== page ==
Video: 1930s Colour Bermuda Footage

November 26, 2011

Rare colour home movie footage of the island shot by a passenger aboard the luxury liner ”Monarch of Bermuda” in 1939 features the island during its pre-World War Two heyday as a resort for wealthy vacationers.

Featuring short scenes of various island locations and sights — including the Bermuda Railway running along Front Street — the film also captured the liner’s sister ship “Queen of Bermuda” departing Hamilton Harbour.

In 1919 the Furness Bermuda Line was awarded the mail contract for the New York to Bermuda service. This service reached its zenith in the years in the 1930s when Furness Bermuda Line ordered two magnificent luxury liners  the “Monarch of Bermuda” and the “Queen of Bermuda”.

They were both built by Vickers Armstrong Ltd’s shipyard at Walker on Tyne, England. With these two ships the Bermuda run from New York enjoyed the ultimate in luxury and they became known as “the millionaires ships”.

Elegantly proportioned vessels with three funnels, they were among the elite ships of their day and had private facilities in their cabins.

The run between New York and Bermuda took only 40 hours in each direction and that allowed four days to be spent on the island.

When the Second World War broke out in September, 1939 the two luxury liners were requisitioned for war duties by the British government. The “Monarch of Bermuda” served as a troopship while the “Queen of Bermuda” became an Armed Merchant Cruiser and later a troopship.

After the war while being refitted for passenger service the “Monarch of Bermuda” was gutted by fire and she was salvaged by the UK Ministry of Transport and converted into an emigrant liner.

Renamed “New Australia” she was operated by Shaw Savill. In 1958 she was sold to a Greek shipping firm and was retired from service in 1966 and sent to be scrapped at Valencia in Spain.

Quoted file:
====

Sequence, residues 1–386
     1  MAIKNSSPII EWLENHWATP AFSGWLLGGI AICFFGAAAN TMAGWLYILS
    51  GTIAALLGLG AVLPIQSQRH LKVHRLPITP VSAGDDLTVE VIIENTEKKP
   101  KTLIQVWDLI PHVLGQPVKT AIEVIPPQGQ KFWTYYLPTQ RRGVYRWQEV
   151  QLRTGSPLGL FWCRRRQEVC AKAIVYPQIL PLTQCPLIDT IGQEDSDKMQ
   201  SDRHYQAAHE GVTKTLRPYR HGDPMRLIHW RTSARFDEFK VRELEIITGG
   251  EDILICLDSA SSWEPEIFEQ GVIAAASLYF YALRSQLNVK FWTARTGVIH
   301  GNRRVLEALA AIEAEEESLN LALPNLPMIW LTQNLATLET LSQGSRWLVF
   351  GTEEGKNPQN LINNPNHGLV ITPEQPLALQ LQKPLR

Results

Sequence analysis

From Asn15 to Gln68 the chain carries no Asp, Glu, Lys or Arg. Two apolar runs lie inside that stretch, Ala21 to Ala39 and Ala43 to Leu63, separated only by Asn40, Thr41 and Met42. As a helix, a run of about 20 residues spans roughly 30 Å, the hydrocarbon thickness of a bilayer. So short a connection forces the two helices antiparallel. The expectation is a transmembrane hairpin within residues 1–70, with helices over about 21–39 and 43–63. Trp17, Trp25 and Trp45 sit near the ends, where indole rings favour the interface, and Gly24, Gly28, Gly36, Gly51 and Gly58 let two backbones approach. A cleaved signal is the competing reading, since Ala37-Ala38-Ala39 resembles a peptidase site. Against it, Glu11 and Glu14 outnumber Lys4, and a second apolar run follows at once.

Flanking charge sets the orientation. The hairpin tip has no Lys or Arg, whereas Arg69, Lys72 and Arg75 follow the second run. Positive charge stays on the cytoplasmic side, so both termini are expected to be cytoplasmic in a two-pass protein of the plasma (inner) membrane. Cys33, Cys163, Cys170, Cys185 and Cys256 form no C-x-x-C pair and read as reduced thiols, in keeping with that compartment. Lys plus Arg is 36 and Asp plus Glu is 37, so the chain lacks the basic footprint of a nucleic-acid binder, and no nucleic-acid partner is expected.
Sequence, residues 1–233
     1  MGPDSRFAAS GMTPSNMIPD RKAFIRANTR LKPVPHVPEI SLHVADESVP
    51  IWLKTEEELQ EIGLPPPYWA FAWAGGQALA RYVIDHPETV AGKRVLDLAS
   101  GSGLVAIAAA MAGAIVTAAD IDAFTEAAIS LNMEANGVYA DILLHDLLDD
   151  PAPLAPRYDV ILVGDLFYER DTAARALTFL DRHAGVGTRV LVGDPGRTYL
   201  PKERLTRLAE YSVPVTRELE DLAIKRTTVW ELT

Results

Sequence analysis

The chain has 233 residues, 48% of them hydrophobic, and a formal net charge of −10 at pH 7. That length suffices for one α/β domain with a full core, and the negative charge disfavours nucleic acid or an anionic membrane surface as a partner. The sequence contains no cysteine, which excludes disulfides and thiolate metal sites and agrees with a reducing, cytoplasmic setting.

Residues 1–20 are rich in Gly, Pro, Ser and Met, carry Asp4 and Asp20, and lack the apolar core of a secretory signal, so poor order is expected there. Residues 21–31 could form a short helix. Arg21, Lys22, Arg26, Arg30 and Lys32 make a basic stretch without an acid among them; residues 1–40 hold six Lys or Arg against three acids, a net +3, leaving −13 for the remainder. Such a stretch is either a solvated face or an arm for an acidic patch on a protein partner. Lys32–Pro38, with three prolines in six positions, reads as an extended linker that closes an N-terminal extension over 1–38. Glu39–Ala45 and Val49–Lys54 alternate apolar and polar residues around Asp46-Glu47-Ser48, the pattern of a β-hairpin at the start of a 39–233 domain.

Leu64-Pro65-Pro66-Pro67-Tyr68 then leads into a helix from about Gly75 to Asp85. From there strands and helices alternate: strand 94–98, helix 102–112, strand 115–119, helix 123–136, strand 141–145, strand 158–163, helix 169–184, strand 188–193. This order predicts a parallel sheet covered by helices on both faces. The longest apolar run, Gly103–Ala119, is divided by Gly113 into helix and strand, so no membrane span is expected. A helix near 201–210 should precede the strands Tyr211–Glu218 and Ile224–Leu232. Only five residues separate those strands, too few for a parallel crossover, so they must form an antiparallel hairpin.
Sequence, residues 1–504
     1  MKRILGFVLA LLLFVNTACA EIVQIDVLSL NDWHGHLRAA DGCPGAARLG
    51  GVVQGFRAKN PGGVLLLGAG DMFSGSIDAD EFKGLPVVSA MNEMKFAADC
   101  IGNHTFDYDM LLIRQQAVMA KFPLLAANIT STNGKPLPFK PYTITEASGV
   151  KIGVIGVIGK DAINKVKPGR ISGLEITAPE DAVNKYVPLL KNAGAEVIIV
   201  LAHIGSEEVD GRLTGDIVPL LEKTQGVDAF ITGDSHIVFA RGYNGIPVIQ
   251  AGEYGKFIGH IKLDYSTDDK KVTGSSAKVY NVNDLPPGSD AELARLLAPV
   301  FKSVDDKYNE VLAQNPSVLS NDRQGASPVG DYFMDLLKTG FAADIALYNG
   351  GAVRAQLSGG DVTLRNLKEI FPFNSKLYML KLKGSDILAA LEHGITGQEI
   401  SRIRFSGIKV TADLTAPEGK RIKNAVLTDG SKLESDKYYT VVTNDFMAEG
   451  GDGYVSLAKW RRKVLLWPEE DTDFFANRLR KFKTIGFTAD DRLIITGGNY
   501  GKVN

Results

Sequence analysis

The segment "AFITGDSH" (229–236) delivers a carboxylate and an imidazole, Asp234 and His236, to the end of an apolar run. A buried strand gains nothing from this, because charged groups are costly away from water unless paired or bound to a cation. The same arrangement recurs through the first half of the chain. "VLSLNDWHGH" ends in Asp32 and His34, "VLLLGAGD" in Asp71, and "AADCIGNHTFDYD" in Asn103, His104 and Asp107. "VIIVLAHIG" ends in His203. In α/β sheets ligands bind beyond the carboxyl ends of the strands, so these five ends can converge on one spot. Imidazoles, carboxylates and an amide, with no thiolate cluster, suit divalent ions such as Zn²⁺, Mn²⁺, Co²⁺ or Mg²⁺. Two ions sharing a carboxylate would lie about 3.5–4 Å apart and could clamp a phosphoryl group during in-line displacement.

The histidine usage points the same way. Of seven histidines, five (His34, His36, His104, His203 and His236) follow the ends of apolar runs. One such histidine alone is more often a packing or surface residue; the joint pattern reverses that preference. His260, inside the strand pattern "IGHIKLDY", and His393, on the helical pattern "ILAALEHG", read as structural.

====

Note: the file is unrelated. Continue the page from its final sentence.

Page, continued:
The “Queen of Bermuda” did return to the Bermuda service after the war in 1947. Later in 1961 she was completely modernised and rebuilt with just one funnel.

But by this time the heyday of Furness Bermuda Line was over and by 1966 the company decided to withdraw from the New York to Bermuda run. As a result the “Queen of Bermuda” was retired from service and scrapped at Faslane on the River Clyde close to where she had been built.

The “Monarch Of Bermuda” In Hamilton Harbour In The 1930s

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Category: All, History, Videos

Comments (4)

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  1. The One (Original) says:


  2. Yup says:

    Job well done. Bernews, you are without doubt Bermuda’s premier source for history film.

  3. David E Chapman says:

    Beautiful Bermuda! While so many things have changed, many things remain the same! This was the era of our papas’ and grandmothers’ youths… Heard many a story of theirs! Although many didn’t have much, their traditions and family life gave them perhaps a superior quality of life compared to our modern day times!